JOURNAL OF INTEGRAL THEORY AND PRACTICE (SUNY PRESS)
INTEGRAL MUSIC PERFORMANCE AND PEDAGOGY
A Post-Secondary Performance and Education Model
ABSTRACT Integral music performance and pedagogy equalizes the four quadrants of the AQAL model through developmental stages. Accidental or deliberate segmentations result in the split of expressive-artistic and technical-scientific skills, leading to uninspired and faulty performances. An Integral Music Performance, Educational, and Assessment model (IPEA), specifically developed for American post-secondary educational institutions, can bridge this divide by using upward causation (science) and downward causation (art) while tracing a performer’s development (quadrant-holon developmental spiral) in relation to a community of practice. This all-quadrant, multilevel model represents a major shift in music performance and pedagogy by addressing the developmental needs of students and performers without corroding their expressive or technical strengths.
KEY WORDS: community of practice; integral theory; music; performance; trumpet
INTERNATIONAL TRUMPET GUILD
In the winter of 2004 I met with my former trumpet teacher William Scarlett to talk about some of the ped- agogical principles used and developed by Arnold
Jacobs. Our meeting took place in his northern Illinois home in McHenry, overlooking a beautiful lake. The conversation quickly evolved to include subjects such as the singing approach as applied to brass playing, the aging process as found in middle-aged brass players, and the state of trumpet pedagogy today.
In the winter of 2004 I met with my former trumpet teacher, Vincent Cichowicz, to talk about the years he spent as a colleague of Arnold Jacobs. Our conversation
began with the first meeting Cichowicz had with Jacobs, with the lessons Cichowicz had with Renold Schilke, and it ended with the discussion of general brass playing concepts.
Vincent Cichowicz was born and raised in Chicago where he received his early music training. He went on to study with Renold Schilke, played with the Houston Symphony, the Grant Park Symphony, and in 1952 he became a mem- ber on the Chicago Symphony Orchestra. Cichowicz taught at Northwestern University from 1959 and became professor of trumpet in 1974.
Today Cichowicz is retired, as Professor Emeritus, from full time teaching but stays active as music director of the Millar Brass Ensemble and by giving master classes in the United States and in Canada.
Most people know of Arnold Jacobs as a master teacher whose efficient, effective, and simple peda- gogical approach helped players of all sorts. Those players came to his studio from all over the world seeking help in solving performance maladies related to stress factors found in their performing or teaching jobs and/or the negative effects of the aging process. Others were in need of further training for achieving higher levels of brass performance. However, few people know that his pedagogical approach evolved towards that efficiency, effectiveness, and simplicity to the point of becoming recognized by the motto “Song and Wind.” In the next few pages we will see that the importance Jacobs placed on the psychology of “Song”1 (the artistic aspects of music making) and on teaching with simplicity evolved over time.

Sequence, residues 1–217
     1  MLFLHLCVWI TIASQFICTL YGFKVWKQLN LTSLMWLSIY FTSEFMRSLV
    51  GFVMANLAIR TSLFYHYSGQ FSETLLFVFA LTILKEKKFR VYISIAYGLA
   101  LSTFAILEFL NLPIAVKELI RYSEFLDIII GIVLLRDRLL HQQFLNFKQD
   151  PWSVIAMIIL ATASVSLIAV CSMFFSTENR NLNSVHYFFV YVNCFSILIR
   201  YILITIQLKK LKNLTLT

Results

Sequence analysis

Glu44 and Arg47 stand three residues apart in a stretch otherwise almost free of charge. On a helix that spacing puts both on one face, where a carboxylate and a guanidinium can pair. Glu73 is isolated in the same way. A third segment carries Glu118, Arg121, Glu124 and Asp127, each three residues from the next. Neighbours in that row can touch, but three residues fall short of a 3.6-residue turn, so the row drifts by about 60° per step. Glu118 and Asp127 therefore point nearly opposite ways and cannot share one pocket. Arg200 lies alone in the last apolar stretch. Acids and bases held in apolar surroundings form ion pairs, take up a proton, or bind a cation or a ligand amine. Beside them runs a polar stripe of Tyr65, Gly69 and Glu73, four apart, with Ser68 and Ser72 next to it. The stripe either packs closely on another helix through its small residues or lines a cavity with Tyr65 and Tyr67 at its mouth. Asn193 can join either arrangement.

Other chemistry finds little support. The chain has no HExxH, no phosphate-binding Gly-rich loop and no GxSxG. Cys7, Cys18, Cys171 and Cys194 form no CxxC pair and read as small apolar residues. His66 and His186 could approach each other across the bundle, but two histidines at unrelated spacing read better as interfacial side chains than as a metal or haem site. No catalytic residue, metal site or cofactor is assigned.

Early in 2007 I met with Manny Laureano to talk about some of the experiences he has had in his remarkable music career.
The 2006 – 2007 Concert
Season with the Minnesota Orchestra marked his 25th year as principal trumpet of that orchestra. This interview cele- brates that milestone and serves as a vehicle for him to talk about his experiences to this point in his career.
Manny Laureano was born and raised by his Puerto Rican parents in the Spanish Harlem neighborhood in New York City. After graduating from the High School for the Per- forming Arts he went to the Juilliard School and had a brief
our with Emerson, Lake, and Palmer before joining the Seattle Symphony as its principal trumpet at the age of 22. In 1981 Manny won the principal trumpet position with the Minnesota Orchestra where he has served since.
Our conversation took place between rehearsals with the Minnesota Orchestra in downtown Minneapolis. We cov- ered some of his early musical influences and quickly pro- gressed to areas such as the New York and the Chicago Schools of playing, the function of the trumpet section in a symphony orchestra, and advice to young trumpet players of today.
FORUM ON PUBLIC POLICY JOURNAL
With a heavy dominance on its technical/empirical aspects, the segmented performance, pedagogy, and assessmentof Western classical music is undermining its goal of creating art with precision, style, and expressive beauty. This segmentation has its roots in the quantitative assessment processes found in music education and in the note-perfect performance expectations of art organizations. The results are often heard in the uninspired performances of such vital music.
As an alternative, an integral performance, educational, and assessment approach (the IPEA model) will be open for discussion. The IPEA model utilizes the concepts of upward causation (science) and downward causation (art) to equalize the elements found in the music quadrants and it continues with their evolutionary track through the Spiral Dynamics as designed by Beck and Cowan. An all-quadrant/multilevel pedagogical, performance, and assessment approach will result signaling a major shift in Western classical music by addressing the developmental needs of music students/performers without corroding their technical or expressive strengths. This model bridges the gap between the empirical and the artistic sides of music proposing, perhaps, the perfect marriage of two seemingly opposing cultures: science and art.